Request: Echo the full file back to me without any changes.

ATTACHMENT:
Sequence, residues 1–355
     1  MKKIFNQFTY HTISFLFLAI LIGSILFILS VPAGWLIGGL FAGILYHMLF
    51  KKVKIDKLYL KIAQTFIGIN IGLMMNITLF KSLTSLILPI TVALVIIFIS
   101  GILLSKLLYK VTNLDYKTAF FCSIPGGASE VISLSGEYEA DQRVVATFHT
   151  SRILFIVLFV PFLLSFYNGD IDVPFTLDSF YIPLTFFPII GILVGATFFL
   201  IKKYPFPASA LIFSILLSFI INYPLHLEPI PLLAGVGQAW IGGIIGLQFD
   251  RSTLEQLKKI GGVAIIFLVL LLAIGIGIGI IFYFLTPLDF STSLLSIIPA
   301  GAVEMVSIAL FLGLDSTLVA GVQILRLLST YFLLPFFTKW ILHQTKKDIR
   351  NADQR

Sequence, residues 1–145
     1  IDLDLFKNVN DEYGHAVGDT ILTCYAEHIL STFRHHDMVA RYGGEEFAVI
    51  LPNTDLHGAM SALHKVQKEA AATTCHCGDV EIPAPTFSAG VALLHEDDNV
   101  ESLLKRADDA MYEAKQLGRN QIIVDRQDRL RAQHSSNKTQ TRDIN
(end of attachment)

Sequence, residues 1–355
     1  MKKIFNQFTY HTISFLFLAI LIGSILFILS VPAGWLIGGL FAGILYHMLF
    51  KKVKIDKLYL KIAQTFIGIN IGLMMNITLF KSLTSLILPI TVALVIIFIS
   101  GILLSKLLYK VTNLDYKTAF FCSIPGGASE VISLSGEYEA DQRVVATFHT
   151  SRILFIVLFV PFLLSFYNGD IDVPFTLDSF YIPLTFFPII GILVGATFFL
   201  IKKYPFPASA LIFSILLSFI INYPLHLEPI PLLAGVGQAW IGGIIGLQFD
   251  RSTLEQLKKI GGVAIIFLVL LLAIGIGIGI IFYFLTPLDF STSLLSIIPA
   301  GAVEMVSIAL FLGLDSTLVA GVQILRLLST YFLLPFFTKW ILHQTKKDIR
   351  NADQR

Sequence, residues 1–145
     1  IDLDLFKNVN DEYGHAVGDT ILTCYAEHIL STFRHHDMVA RYGGEEFAVI
    51  LPNTDLHGAM SALHKVQKEA AATTCHCGDV EIPAPTFSAG VALLHEDDNV
   101  ESLLKRADDA MYEAKQLGRN QIIVDRQDRL RAQHSSNKTQ TRDIN